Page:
The clinical signs and symptoms are related to the site of origin of the tumor. In intrahepatic CCC, the symptoms are usually vague until the tumor is at an advanced stage when patients frequently present with anorexia, weight loss, abdominal pain, and a palpable mass in the upper abdomen. Fever may occur but is uncommon. Jaundice is rarely a presenting symptom in intrahepat-ic CCC, although it is common in hilar or ductal CCC [31]. There are no specific tumor markers for CCC, although elevations of serum carcinoembry-onic antigen (CEA) and CA 19-9 are often found

Mri Images The Liver

Fig. 26a, b. Hilar cholangiocellular carcinoma. US (a) reveals an ill-defined heterogeneous mass (asterisk) with dilated bile ducts (white arrows). An ill-defined infiltrative mass (asterisk) from the hilus through the hepatic parenchyma is also seen (b). Some bile ducts around the mass appear dilated (white arrowheads)

Fig. 26a, b. Hilar cholangiocellular carcinoma. US (a) reveals an ill-defined heterogeneous mass (asterisk) with dilated bile ducts (white arrows). An ill-defined infiltrative mass (asterisk) from the hilus through the hepatic parenchyma is also seen (b). Some bile ducts around the mass appear dilated (white arrowheads)

Heterogeneous Nodular Liver
Fig. 27a, b. Peripheral cholangiocellular carcinoma . On US, the neoplasm (asterisk) appears as a well-defined heterogeneous nodule (a) or as an ill-defined mass (b) compared to the surrounding parenchyma

[71]. Elevation of alkaline phosphatase and y-glu-tamyltransferase may be seen and patients may be hypoalbuminemic and mildly anemic.

On US scans, CCC may have mixed echogenicity or may be predominantly hypoechoic or hypere-choic. The sonographic features of Klatskin's tumor include duct dilatation, isolation of the right and left bile duct segments, mass or bile duct wall thickening at the hilus as well as lobar atrophy with crowded, dilated bile ducts. US is accurate for revealing the level of bile duct obstruction, but it shows tumor mass in only 20-70% of patients. When a mass is seen, it is usually poorly defined and echogenic, a reflection of the submucosal, scirrhous nature of this fibrotic neoplasm (Fig. 26) [10,20].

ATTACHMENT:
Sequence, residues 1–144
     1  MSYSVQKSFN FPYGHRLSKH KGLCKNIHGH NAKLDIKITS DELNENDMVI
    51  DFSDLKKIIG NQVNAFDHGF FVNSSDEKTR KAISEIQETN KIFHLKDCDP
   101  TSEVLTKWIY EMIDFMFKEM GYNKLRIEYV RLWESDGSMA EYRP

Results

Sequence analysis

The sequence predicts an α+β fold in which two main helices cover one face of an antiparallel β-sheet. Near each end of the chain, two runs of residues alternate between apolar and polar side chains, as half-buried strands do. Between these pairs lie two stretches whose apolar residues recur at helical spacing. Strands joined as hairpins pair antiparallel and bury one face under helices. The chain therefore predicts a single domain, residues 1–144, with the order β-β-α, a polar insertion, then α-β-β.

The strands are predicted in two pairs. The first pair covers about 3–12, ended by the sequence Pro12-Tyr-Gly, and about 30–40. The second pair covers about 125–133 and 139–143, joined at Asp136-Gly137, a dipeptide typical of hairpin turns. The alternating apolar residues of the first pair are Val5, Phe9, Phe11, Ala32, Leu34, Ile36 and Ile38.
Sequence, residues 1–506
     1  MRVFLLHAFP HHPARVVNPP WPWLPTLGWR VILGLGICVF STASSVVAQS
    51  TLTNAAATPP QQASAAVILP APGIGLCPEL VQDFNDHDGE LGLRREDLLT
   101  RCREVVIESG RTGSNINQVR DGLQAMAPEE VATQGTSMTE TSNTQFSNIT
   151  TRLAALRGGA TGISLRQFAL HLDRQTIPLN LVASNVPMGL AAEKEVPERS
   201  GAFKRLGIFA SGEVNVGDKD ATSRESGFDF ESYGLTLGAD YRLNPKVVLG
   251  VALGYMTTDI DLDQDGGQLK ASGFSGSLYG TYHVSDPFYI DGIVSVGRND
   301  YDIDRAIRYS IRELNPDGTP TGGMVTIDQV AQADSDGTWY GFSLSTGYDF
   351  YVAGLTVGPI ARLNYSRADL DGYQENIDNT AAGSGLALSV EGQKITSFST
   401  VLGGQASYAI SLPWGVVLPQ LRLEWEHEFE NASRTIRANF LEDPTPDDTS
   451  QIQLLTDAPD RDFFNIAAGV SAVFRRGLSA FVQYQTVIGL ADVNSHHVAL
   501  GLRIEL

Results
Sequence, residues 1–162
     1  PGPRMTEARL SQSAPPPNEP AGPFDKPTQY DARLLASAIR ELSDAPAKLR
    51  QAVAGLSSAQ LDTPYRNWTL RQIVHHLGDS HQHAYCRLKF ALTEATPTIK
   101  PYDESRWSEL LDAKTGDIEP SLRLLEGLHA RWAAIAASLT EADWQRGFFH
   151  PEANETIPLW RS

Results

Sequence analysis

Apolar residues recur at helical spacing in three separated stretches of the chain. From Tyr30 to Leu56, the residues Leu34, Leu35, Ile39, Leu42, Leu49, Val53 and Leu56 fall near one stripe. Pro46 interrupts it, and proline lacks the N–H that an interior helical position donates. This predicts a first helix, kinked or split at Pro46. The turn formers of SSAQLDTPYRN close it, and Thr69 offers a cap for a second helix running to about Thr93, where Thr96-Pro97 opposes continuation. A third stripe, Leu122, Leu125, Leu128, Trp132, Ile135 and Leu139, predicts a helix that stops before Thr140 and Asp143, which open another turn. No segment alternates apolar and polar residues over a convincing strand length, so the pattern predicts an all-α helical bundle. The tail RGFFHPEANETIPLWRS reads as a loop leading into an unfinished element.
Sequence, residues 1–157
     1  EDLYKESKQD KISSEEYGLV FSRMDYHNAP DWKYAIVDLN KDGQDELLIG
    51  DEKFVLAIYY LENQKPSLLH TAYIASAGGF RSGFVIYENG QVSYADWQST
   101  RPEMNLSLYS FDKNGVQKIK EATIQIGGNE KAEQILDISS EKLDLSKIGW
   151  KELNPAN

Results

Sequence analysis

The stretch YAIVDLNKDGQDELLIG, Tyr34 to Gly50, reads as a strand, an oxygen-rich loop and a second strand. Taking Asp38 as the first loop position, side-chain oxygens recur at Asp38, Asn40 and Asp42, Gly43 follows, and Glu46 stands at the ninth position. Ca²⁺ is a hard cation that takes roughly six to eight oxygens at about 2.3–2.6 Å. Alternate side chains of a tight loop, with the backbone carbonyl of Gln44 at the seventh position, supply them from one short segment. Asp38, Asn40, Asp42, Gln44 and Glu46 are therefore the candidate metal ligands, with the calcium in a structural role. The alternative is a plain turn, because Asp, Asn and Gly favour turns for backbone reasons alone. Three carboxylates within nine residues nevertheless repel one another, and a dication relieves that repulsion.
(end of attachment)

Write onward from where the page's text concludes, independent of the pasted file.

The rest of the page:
Peripheral CCC may appear as an ill-defined mass with mixed echogenecity (Fig. 27) with or without segmental bile duct dilatation. A hypoe-choic halo is observed in 33% of cases. Sometimes the central portion of the tumor appears hypoechoic due to the presence of necrosis. Hy-perechoic spots with acoustic shadowing indicate the presence of calcifications. The infiltrative pat tern of growth of CCC appears as diffuse architectural changes in the hepatic lobe. Satellite nodules may be seen. Color Doppler US shows scanty color signal because of CCC hypovascularity. This is a useful sign for the differential diagnosis of HCC, which is typically a hypervascular neoplasm. Focally stenotic or papillary CCC often cause segmental bile duct dilatation and may induce lobar atrophy if the location of the tumor is central.

CCC is usually hypodense or isodense relative to the normal liver parenchyma on unenhanced CT scans. After administration of contrast material, most CCC remain hypodense during the portal-venous phase but thereafter show enhancement on delayed phase images. This pattern of enhancement reflects the hypovascular, desmoplas-tic composition of most CCC; therefore, most lesions are better appreciated 15-20 minutes after contrast medium administration. Small necrotic regions are common in larger lesions. Segmental or diffuse bile duct dilatation is a common finding in hilar CCC (Fig. 28) [10].

Peripheral type CCC may simulate other hepatic neoplasms, such as metastases or hypovascular HCC. Its most common pattern consists of a hypo-dense ill-defined lesion on unenhanced CT scans, poor, rim-like enhancement during the arterial and portal-venous phases, and iso- or hyperdensi-ty on delayed phase images (Fig. 29). Other factors such as the grade of the tumor, distribution of fi-brosis, and contrast pooling can affect the delayed enhancement. Peripheral wash-out is another sign that can be seen on contrast-enhanced CT of peripheral CCC.

CCC is either isointense or hypointense relative to the normal liver on T1-weighted MR images, but may range from markedly to mildly hyperintense on T2-weighted images. The signal intensity of the tumor is variable, and depends on the amount of mucinous material, fibrous tissue, hemorrhage and necrosis within the tumor [70]. On dynamic T1-weighted MR images acquired after the intravenous administration of gadolinium, minimal or moderate incomplete enhancement is seen at the tumor periphery on early images, whereas progressive central contrast-enhancement is seen on later images (Fig. 30) [70].